The first meeting of the Harrison County court was held on July 20, 1784 at home of George Jackson. The group decided they needed to designate a permanent county seat. They moved the county seat to Clarksburg. The town, named in honor of the explorer General George Rogers Clark (1752–1818), was chartered by the Virginia General Assembly in October 1785, and it was incorporated in 1795.

19th century

Clarksburg's first newspaper, The By-Stander, began publication in 1810. Construction of the Northwestern Turnpike connecting Winchester and Parkersburg, reached the town in 1836, stimulating development by connecting it to other markets. Clarksburg's economic development was also helped by the arrival of the Baltimore and Ohio Railroad in 1856. The railroad was instrumental in the development of the local coal mining industry during the late 1800s and early 1900s.

Timeline

Date Event Source
1784 County formed Source:Red Book: American State, County, and Town Sources
1784 Court records recorded Source:Red Book: American State, County, and Town Sources
1784 Marriage records recorded Source:Red Book: American State, County, and Town Sources
1786 Land records recorded Source:Red Book: American State, County, and Town Sources
1788 Probate records recorded Source:Red Book: American State, County, and Town Sources
1790 First census Source:Population of States and Counties of the United States: 1790-1990
1850 No significant boundary changes after this year Source:Population of States and Counties of the United States: 1790-1990
1853 Birth records recorded Source:Red Book: American State, County, and Town Sources
1863 Effective date for move from Virginia to West Virginia Source:Wikipedia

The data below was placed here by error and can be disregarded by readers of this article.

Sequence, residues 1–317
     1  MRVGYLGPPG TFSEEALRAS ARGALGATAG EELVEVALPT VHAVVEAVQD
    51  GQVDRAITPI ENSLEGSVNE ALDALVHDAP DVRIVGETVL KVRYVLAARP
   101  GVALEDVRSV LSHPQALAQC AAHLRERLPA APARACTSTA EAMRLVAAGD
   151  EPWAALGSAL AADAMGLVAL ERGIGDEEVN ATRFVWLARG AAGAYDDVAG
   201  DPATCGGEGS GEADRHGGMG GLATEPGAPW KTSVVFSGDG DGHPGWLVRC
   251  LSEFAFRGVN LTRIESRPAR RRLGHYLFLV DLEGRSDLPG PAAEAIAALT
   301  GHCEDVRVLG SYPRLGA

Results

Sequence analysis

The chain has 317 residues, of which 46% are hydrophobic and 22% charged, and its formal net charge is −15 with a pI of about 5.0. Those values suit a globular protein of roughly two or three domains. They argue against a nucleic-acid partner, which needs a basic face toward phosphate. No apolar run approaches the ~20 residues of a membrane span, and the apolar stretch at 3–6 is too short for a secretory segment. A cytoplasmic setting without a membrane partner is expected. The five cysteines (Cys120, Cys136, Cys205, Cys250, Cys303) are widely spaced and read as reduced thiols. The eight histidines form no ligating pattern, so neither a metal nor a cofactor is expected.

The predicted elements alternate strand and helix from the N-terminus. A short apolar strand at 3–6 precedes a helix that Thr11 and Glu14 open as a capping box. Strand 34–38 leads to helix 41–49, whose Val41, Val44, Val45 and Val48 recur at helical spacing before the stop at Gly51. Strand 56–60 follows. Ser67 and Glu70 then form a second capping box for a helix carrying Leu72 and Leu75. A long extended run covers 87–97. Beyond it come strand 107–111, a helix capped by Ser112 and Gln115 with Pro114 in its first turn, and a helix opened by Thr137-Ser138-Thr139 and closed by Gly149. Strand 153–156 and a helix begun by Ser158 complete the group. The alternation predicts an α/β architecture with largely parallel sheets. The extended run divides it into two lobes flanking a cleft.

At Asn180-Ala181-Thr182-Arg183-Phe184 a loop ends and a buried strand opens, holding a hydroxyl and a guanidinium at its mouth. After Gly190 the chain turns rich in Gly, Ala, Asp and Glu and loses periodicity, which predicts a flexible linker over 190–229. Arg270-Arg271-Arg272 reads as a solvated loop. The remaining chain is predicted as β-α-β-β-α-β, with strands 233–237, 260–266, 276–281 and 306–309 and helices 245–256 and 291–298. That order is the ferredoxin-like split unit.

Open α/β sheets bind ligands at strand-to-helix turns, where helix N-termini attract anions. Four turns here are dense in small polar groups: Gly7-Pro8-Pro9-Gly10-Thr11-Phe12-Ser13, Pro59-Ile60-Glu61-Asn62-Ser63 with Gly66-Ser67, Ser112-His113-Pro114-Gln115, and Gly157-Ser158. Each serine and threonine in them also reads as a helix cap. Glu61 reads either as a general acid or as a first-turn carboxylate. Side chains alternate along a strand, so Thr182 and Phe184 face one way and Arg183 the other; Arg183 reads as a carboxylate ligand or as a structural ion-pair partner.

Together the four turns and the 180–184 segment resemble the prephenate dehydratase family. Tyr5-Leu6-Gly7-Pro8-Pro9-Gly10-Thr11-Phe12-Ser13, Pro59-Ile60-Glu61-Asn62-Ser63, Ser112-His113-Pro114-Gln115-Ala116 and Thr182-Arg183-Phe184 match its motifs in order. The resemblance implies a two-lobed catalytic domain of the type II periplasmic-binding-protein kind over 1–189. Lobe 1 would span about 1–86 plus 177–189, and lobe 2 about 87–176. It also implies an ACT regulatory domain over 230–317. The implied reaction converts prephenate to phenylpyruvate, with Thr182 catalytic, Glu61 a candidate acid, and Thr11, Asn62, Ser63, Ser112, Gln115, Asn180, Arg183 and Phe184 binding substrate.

Population History

source: Source:Population of States and Counties of the United States: 1790-1990
Census Year Population
1790 2,080
1800 4,848
1810 9,958
1820 10,932
1830 14,722
1840 17,669
1850 11,728
1860 13,790
1870 16,714
1880 20,181
1890 21,919
1900 27,690
1910 48,381
1920 74,793
1930 78,567
1940 82,911
1950 85,296
1960 77,856
1970 73,028
1980 77,710
1990 69,371

Research Tips

Source:Haymond, Henry. History of Harrison County, West Virginia, from Earliest Days of Northwestern Virginia to the Present

Text from Harrison County, Virginia Page

[Harrison County, Virginia was redirected here in conformance to the WeRelate "1900 rule".]

Harrison County, Virginia was established in 1784 from part of Monongalia County, Virginia. Harrison County became part of West Virginia when it became the 35th state admitted to the Union.

From Preface of History of Harrison County, West Virginia:
"When Harrison County was created by an act of the Virginia Assembly in 1784, it extended over that vast territory reaching from the Maryland line to the Ohio River, with a front of sixty miles on that stream and including the upper waters of the Monongahela River, all of the Little Kanawha and portions of the waters of the Big Kanawha."